Apr 132012

Still looking classy: Jimmy Porter with Heywood cap and the bat he used in the 1980s. See gallery at end of story for some more mementoes of Jimmy's career and an old programme written by Dennis Booth from 1980

“You could really hear the ball fizzle when Duncan Carter bowled.”

It was just the sort of thing I wanted to hear when I spoke to one of Heywood’s best amateur batsmen and my current neighbour Jimmy Porter recently.

A left-handed opening bat and one-time wicket-keeper Jimmy, 68, played in some of Heywood’s greatest teams from 1959 through to his retirement in 1983, winning the CLL title with legendary West Indian pro Clairmont Depeiza in 1960 and the title with Colin Lever in 1974 and 1976.

He held the record score for a Heywood amateur – 129 v Walsden in 1980 – before current skipper Bobby Cross broke it in 2007 with 162 not out against Middleton. In one of those great coincidences, Bobby told me it was the same day he was introduced to Jimmy for the first time!

During his 23 years – separated by a gap of 11 years away due to work commitments and a spell with Middleton – Jimmy amassed 4,463 runs at an average of just under 20, scoring 500 runs in a season twice. To modern eyes, these figures may not seem astounding, but in the days of uncovered wickets, rapid West Indian professionals and no helmets, these are excellent statistics.

Naturally, of course, the first thing I wanted to ask Jimmy was just what it was like to face some of the world’s most lethal bowlers, and who were the best players he’d played with and against.

“Duncan Carter was the fastest I faced, without a doubt. He was a West Indian and pro at Littleborough in the mid 1970s and when I saw him coming out of the dressing room I knew he would be lively. He really made the ball fizzle, and remember, there were no helmets in those days.

“Joel Garner was probably the best bowler I ever faced as he was always there at you, consistently making you play at awkward deliveries.

“But I played against lots of the great pros of the era. Franklyn Stephenson, Andy Roberts, Cec Pepper. With Pepper, I wondered what I’d come into because he effed and blinded like nothing I’d heard before.

“However, the best player I ever played against was Sir Garfield Sobers. As a batsman, fielder and bowler he was simply the world’s best. I remember him pro-ing for Radcliffe when he got some big runs against us at Crimble. He was in his early days then, but he knocked us all over the place and wherever I fielded he kept knocking the ball past me. It was something to behold, and I’m proud to say I faced him, especially as I was only 15 or 16 at the time.

“Nowadays the players wear all sorts of protective gear, but we never had any. But you know what? I was never worried about injury. It never entered my head.”

Apart from his ability to play some of the game’s greatest fast bowlers, Jimmy deserves his place in Heywood CC history for two other reasons.

A groundsman and gardener by trade – about which more later – Jimmy returned to Heywood after a decade away in 1972 to bolster the batting and return an ailing Heywood square to pristine condition, which he undertook as a labour of love.

It was also Jimmy who was the key to bringing to Heywood one of the finest servants of the club.

“It was January 1976 and I had worked my way up from an apprentice gardener to parks manager at Rossendale Borough Council. The office secretary told me there was a David Fare to see me, who was working at the time for Durafencing.

“Anyway, it wasn’t long before we got talking about cricket. I told him I played for Heywood and David told me he was playing for Worsley but was looking for a new club.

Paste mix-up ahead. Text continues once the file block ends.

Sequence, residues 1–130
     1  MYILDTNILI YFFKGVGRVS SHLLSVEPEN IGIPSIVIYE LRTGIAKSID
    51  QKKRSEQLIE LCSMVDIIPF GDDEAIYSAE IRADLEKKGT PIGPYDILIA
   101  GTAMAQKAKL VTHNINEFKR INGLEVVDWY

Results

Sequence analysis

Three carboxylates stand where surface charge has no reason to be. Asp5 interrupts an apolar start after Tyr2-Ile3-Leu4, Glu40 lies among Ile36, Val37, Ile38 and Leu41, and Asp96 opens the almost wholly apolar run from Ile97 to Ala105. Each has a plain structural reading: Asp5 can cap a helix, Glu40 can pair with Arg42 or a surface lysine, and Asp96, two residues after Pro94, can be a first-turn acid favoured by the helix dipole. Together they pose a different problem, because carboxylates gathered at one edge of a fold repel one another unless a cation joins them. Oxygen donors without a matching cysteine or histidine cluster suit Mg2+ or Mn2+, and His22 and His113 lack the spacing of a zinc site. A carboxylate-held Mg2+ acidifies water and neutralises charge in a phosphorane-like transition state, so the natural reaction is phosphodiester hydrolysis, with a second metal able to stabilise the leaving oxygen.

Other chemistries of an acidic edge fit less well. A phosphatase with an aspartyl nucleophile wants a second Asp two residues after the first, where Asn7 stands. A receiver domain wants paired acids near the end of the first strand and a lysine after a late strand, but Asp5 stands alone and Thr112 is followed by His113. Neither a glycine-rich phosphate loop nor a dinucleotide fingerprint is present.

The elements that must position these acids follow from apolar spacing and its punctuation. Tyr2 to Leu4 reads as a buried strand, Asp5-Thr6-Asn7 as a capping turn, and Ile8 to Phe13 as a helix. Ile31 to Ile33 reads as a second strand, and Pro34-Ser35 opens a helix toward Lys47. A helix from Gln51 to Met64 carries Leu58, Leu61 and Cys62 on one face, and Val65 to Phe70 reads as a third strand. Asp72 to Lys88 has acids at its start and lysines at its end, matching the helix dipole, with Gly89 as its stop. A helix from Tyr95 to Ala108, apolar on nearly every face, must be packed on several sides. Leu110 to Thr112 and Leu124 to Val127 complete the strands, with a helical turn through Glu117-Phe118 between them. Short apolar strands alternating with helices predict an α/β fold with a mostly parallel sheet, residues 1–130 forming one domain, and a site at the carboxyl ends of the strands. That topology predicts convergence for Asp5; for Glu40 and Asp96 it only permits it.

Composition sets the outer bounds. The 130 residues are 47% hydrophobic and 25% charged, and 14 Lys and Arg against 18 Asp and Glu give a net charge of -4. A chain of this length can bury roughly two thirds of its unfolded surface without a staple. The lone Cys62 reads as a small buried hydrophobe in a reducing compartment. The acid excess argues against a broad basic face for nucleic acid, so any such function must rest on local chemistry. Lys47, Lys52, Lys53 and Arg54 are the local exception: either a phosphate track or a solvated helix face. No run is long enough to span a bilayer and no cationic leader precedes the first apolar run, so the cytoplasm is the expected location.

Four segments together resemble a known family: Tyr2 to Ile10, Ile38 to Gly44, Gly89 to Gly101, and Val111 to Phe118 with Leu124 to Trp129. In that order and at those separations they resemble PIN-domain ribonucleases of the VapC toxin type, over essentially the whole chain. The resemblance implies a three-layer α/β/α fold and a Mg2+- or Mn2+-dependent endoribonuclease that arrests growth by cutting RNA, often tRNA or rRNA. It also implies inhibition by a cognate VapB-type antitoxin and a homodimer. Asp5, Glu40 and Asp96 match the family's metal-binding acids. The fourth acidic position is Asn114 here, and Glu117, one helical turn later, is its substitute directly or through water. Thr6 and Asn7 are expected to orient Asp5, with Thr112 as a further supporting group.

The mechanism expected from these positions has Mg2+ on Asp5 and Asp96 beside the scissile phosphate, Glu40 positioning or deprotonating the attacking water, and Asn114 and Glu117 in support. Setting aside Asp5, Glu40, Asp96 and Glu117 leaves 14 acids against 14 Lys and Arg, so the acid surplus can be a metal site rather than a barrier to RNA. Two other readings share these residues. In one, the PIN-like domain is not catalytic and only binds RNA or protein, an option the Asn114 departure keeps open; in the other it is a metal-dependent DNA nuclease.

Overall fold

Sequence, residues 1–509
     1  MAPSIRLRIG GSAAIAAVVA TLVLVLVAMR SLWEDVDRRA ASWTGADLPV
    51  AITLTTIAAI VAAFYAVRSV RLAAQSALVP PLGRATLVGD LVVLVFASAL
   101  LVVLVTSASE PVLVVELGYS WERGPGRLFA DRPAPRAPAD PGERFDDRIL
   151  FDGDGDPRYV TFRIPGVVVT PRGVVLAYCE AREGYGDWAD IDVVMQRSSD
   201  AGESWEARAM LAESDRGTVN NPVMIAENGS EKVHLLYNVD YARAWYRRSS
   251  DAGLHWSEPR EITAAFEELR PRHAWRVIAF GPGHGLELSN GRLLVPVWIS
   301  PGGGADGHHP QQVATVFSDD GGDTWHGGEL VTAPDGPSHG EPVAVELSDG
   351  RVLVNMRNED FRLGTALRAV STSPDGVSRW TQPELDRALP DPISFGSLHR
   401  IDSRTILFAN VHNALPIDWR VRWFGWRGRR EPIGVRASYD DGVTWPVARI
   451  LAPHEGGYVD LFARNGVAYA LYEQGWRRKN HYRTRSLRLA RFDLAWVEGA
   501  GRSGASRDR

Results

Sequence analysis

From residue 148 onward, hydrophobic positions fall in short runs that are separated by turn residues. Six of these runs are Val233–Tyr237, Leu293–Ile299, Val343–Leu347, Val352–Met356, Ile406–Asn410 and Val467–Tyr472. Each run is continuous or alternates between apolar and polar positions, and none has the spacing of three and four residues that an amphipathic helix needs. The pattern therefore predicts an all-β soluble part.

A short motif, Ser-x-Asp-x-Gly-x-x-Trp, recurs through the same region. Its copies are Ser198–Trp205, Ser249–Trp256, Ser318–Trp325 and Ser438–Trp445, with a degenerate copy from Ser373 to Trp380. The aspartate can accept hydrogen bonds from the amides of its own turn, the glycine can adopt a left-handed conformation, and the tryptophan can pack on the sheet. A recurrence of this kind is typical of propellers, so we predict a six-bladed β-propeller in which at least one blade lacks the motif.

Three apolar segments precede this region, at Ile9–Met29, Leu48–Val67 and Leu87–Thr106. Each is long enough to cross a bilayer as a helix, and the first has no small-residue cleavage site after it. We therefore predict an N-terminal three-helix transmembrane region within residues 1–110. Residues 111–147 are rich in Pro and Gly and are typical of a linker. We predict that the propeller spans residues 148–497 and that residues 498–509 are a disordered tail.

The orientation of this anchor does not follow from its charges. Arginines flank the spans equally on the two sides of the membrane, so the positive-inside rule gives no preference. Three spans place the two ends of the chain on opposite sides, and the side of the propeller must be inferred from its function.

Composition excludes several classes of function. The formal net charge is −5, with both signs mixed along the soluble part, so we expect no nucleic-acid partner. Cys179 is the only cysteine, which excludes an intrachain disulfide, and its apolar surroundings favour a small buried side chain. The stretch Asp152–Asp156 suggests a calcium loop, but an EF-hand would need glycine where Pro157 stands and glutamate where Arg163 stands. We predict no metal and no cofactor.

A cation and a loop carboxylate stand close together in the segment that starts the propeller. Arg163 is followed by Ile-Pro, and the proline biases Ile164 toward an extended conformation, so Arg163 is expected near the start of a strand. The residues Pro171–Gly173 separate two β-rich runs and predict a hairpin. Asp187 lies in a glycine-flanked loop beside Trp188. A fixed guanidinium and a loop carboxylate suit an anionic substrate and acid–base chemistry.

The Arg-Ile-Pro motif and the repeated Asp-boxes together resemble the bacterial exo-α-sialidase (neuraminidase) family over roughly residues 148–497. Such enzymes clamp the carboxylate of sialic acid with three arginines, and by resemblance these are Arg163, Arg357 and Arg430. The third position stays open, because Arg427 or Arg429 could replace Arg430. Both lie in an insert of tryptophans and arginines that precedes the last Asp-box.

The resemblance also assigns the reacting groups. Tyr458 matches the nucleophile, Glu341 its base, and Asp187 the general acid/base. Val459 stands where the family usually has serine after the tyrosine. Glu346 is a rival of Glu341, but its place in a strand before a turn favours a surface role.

“I wasted no time in asking him to come down to Crimble on a Sunday morning to come and see what we were all about. He took one look at the ground and decided to join that season.

“What a great signing he was! Along with Bob Cross, he became one of the most wonderful and loyal members of the club, being captain on many occasions and chairman for a long period of time. Well done to these gentlemen.”

But back to the beginning. Jimmy was born in Middleton and grew up near Middleton junction. A keen footballer – he played for Blackburn and Oldham A teams – as well as a talented cricketer, he grew up playing on the local croft, where in summer the one lamppost was used as a wicket and in winter was used as one side of the net. As you can imagine, a jumper was used as another goalpost!

In his second year at Moorclose Senior School, Jimmy became a regular in the school’s first team. In his third year he played for Middleton Boys and by his fourth year played for North Lancashire Boys at Old Trafford before being selected for the full Lancashire Boys team and playing at places like the County Ground at Northampton and Chester-Le-Street.

His great early influences at school were PE teacher Dai Bevan – the former Halifax, Wigan and Great Britain rugby league winger – and George Howarth, his maths teacher, who played in the second team at Heywood. These two were responsible for polishing his obvious talent and for him attending the trials that saw him play for representative sides.

Jimmy continues the story.

“In 1958 and just 14 years old I was encouraged to join Heywood CC by these two teachers, and I played my first season in the second team under captain John Oddie.

“I left school in 1959 and was playing cricket for Lancashire Boys and football for Blackburn Rovers, and it was this year I made my first-team debut as wicket-keeper batsman, with Keith Slater as professional and Ray Purser as captain.

“In 1960 we had Clairmont Depeiza as pro, who was an excellent player. He bowled medium-quick off a few paces and was a good batsman and under Ray and Clairmont we won the CLL title that year.

“I played in 1961 and had great memories of those early years. The crowds were in their thousands and Manchester Buses used to stop outside the Municipal Buildings to take players and supporters to away matches. Brilliant days.”

At that time, Jimmy was working for Middleton Council as an apprentice gardener and was told that if he was to further his career he had to work weekends in the greenhouses at Jubilee Park, near Middleton Parish Church, which made it impossible for him to play for Heywood and which – for a decade at least – caused him to leave the club he had come to love.